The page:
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Net addicts may 'self-injure'

[ 2009-12-08 13:12]     字号 [] [] []  
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Teenagers who are addicted to the Internet are more likely to engage in self-harming behavior, an Australian-Chinese study has shown.

Researchers surveyed 1,618 adolescents aged 13 to 18 from Guangdong province about behavior such as hitting themselves, pulling their own hair, or pinching or burning themselves. They also gave them a test to gauge Net addiction.

Internet addiction has been classified as a mental health problem since the mid-1990s, with symptoms similar to other addictions.

The test found about 10 percent of the students surveyed were moderately addicted to the Net, while less than 1 percent were severely addicted.

Students classified as moderately addicted to the Net were 2.4 times more likely than students without an addiction to have injured themselves one to five times in the past half year, said Dr Lawrence Lam from the University of Notre Dame Australia. The moderately-to-severely addicted students were almost five times more likely than non-addicted students to have self-injured six or more times in the past six months, Lam and his colleagues from Sun Yat-sen University, in Guangdong's capital Guangzhou, reported.

"In recent years, with the greater availability of the Internet in most Asian countries, Internet addiction has become an increasing mental problem among adolescents," the researchers said in their study published in the journal Injury Prevention.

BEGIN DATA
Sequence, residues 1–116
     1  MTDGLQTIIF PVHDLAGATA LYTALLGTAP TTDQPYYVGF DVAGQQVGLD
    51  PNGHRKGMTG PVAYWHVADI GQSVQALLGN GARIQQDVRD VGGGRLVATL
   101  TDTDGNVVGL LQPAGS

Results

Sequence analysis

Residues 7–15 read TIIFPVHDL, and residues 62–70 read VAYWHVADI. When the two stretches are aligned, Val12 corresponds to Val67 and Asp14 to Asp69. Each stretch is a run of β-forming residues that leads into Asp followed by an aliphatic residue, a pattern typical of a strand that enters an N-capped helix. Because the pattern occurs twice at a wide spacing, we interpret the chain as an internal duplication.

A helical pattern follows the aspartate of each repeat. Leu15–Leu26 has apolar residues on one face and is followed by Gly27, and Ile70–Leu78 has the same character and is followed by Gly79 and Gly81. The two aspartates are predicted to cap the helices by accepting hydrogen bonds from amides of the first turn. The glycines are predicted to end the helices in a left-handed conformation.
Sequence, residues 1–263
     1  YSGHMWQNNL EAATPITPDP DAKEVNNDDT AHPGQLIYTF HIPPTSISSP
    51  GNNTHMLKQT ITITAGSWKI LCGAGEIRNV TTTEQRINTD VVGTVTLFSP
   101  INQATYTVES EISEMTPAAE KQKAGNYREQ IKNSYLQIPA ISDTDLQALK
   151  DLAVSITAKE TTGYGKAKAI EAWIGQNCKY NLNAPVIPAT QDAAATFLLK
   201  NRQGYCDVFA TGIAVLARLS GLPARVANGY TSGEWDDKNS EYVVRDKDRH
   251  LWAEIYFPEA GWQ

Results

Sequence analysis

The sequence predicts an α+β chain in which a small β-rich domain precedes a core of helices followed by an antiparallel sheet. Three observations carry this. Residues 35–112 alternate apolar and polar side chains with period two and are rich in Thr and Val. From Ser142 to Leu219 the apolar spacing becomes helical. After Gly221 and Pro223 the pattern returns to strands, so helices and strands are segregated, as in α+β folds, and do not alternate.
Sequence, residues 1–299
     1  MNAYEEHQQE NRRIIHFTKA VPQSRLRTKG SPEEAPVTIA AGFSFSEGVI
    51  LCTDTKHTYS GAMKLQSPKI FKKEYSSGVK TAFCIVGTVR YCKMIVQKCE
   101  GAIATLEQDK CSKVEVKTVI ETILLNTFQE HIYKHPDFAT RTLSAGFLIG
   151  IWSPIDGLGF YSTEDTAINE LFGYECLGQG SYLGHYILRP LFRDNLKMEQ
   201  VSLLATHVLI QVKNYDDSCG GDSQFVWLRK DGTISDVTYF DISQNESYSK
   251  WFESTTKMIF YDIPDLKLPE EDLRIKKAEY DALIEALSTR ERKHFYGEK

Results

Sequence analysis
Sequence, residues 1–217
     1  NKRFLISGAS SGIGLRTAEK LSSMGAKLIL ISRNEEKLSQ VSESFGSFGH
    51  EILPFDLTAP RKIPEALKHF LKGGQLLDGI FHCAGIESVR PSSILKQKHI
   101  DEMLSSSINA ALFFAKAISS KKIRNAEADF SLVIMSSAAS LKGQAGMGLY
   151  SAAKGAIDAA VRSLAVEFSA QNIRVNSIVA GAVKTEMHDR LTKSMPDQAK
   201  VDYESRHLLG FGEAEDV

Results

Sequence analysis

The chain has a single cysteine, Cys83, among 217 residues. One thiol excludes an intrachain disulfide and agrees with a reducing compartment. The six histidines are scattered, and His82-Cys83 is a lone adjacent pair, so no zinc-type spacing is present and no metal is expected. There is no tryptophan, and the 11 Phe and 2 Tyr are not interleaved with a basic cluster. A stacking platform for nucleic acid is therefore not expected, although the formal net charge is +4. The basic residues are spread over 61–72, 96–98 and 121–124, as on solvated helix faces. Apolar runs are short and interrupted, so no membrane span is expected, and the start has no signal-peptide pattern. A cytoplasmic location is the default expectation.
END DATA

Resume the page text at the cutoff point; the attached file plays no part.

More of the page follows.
"Many studies have reported associations between Internet addiction, psychiatric symptoms and depression among adolescents," the researchers said.

China has the world's largest online population, surveys by the China Internet Network Information Center have shown.


1. What behavior did researchers survey adolescents about?

2. What percentage of students was found to be severely addicted to the Net?

3. What country has the world’s largest online population?


1. Hitting themselves, pulling their own hair, or pinching or burning themselves.

2. Less than 1 percent.

3. China.


(中国日报网英语点津 Helen 编辑)

Net addicts may 'self-injure'

About the broadcaster:

Net addicts may 'self-injure'

Nancy Matos is a foreign expert at China Daily Website. Born and raised in Vancouver, Canada, Nancy is a graduate of the Broadcast Journalism and Media program at the British Columbia Institute of Technology. Her journalism career in broadcast and print has taken her around the world from New York to Portugal and now Beijing. Nancy is happy to make the move to China and join the China Daily team.